Okestubbe Mill was a water-powered medieval corn-grinding mill by the Great Ouse in Little Paxton and was owned by the monks of St Neots priory. It was acquired in 1799 by Owsley Rowley, who rebuilt and let the mill to Mr Hobson of Eaton Socon.
In 1804 it was leased to a firm of paper-makers, Henry and Sealy Fourdinier and John Gamble. They spent £60,000 on machinery to change it from producing flour to a paper mill. Instead of making single sheets Henry invented a process to make rolls of paper. Unfortunately they did not patent it and other entrepreneurs used their ideas and competed with them.
The mills was powered by the waterwheel turning a spindle which turned cogs to operate the machinery.
The Fourdinier brothers went bankrupt in 1808 and sold the company to Matthew Toogood who employed experienced paper makers and used sound business methods to make a success of the venture.
The 1823 flood left the machine room five feet (1.85m.) under water and four men were trapped for four days. Toogood, and then his sons after him operated the paper mill until the 1887 when the business closed down. Steam power units were introduced in 1851 and updated in 1861 to reduce the mill’s reliance on water power.
A raised footway, called the traps, was built to allow the workforce to get to work in the winter months when the river flooded.
The closure of the mill and the decline of the Vulcan Iron Works led to unemployment and distress among the poor. As the mill had provided employment to hundreds of local men and women some local business people (John McNish of Paine’s Brewery, Joseph Wilcox, W. Emery, James Paine and W. Bowyer) set up a consortium and reopened it in 1888 as St Neots Paper Mill Company Limited. They took no money from it themselves until the business became profitable again.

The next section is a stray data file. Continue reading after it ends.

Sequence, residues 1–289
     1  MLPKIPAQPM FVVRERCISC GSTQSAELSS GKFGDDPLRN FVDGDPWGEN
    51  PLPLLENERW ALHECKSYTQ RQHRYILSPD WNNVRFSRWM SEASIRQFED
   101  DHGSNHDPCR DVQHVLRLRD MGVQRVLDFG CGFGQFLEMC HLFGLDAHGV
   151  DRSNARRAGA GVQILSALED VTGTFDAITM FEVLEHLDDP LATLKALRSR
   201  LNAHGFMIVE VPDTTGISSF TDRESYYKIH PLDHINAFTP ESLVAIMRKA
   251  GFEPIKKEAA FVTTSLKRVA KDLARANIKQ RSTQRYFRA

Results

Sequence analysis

They were limited by out-of-date machinery but by 1903 new turbines and steam engines were installed.
Just under a decade later, in 1912 when 200 people were employed at the mill, many of the wooden buildings were destroyed in a fire, but rebuilding using brick and improving the equipment made the mill safer and more profitable. By 1913 the mill produced the finest grades of bank, writing, ledger, drawing, chart, cartridge, typing, loan and envelope papers, and cream and tinted typing and envelope papers.
However its fortunes declined during the economic depression after the 1920s and it closed down in 1939. During the Second World War, Wigmore Teape evacuated their paper mill at Dover and moved to the safer inland site in Little Paxton.
After the war there was a trade in paper to countries like India, Sri Lanka, formerly Ceylon and the Far East that had previously got their paper from Japan.
The mill was converted to manufacture nylon but had closed down by 1948 and the lease was sold in 1950 to Samuel Jones Limited.